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Since its formation, the medical personnel of the Henry Reeve International Medical Brigade, now composed of about 7,400 voluntary healthcare workers, have been on the front lines providing disaster relief around the world.

Before COVID-19, personnel from the Brigade had treated more than 3.5 million people in 21 countries ravaged by the world's worst natural disasters and epidemics. An estimated 80,000 lives have been saved as a direct result of the Brigade's front-line emergency medical treatments. It was the first team of foreigners to arrive in Pakistan after the 2005 earthquake, and the last to leave six months later. Brigade members worked in Haiti after the disastrous 2010 earthquake and subsequent cholera outbreak.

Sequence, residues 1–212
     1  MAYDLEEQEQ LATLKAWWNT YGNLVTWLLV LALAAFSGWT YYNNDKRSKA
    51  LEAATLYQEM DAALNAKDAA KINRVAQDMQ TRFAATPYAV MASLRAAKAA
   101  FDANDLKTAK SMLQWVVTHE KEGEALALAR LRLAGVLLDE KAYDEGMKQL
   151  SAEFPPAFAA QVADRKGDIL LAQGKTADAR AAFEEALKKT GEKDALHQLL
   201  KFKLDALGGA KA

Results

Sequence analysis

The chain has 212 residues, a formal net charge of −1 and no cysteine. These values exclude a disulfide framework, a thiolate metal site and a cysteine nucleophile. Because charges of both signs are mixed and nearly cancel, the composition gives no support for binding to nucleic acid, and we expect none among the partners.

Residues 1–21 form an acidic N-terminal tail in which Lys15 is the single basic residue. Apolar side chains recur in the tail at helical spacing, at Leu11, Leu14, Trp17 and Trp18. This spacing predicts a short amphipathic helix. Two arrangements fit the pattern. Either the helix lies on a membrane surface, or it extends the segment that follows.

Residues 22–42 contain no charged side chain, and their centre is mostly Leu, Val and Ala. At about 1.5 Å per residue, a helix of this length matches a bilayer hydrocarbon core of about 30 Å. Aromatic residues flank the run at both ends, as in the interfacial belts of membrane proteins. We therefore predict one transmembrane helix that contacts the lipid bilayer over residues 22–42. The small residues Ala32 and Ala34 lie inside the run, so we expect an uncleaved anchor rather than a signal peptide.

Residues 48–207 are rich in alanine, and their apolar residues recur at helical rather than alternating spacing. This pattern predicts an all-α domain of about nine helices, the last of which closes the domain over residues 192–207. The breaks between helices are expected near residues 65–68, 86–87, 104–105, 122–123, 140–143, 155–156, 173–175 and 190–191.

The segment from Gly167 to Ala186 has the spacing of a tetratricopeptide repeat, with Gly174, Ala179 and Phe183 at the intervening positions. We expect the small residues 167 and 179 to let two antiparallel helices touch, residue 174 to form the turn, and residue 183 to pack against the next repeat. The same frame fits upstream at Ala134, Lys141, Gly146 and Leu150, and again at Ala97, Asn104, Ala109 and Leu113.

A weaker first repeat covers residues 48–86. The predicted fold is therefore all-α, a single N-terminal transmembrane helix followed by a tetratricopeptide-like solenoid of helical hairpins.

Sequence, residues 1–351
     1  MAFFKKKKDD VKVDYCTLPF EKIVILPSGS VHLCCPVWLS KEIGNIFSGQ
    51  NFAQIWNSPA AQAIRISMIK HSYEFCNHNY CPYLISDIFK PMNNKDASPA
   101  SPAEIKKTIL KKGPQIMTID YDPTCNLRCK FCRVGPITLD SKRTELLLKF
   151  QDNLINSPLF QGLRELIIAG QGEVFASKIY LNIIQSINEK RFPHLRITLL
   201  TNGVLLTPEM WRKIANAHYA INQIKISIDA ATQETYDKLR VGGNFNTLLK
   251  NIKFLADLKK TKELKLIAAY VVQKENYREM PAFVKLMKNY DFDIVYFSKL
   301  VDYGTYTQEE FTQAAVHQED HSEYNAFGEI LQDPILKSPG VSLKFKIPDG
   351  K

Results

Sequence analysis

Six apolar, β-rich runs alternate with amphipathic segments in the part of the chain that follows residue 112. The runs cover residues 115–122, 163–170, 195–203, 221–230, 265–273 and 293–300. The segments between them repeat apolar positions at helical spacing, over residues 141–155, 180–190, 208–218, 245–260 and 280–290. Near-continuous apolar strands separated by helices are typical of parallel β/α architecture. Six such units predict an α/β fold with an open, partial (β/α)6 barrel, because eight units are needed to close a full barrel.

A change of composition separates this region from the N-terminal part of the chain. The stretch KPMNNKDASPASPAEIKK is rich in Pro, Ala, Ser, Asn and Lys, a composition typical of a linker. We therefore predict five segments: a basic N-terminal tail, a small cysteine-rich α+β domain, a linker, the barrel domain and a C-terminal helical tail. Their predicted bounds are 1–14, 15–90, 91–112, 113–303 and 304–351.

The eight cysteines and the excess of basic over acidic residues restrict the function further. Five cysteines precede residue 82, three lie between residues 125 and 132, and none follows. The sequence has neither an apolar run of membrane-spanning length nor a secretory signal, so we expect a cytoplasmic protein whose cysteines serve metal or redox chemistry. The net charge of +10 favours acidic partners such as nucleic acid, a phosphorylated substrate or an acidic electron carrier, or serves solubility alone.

One of their most heroic acts was in 2014-2015, when the Brigade sent over 400 doctors, nurses and other health workers to West Africa to confront the dangerous Ebola pandemic, working in regions where healthcare facilities and even basic infrastructure such as roads and communications systems were minimal. This team constituted the single largest medical operation on the ground in Sierra Leone, Guinea and Liberia. In recognition of the work of these specialists, the World Health Organization (WHO) awarded them the prestigious Dr. Lee Jong-Wook Memorial Prize for Public Health in 2017.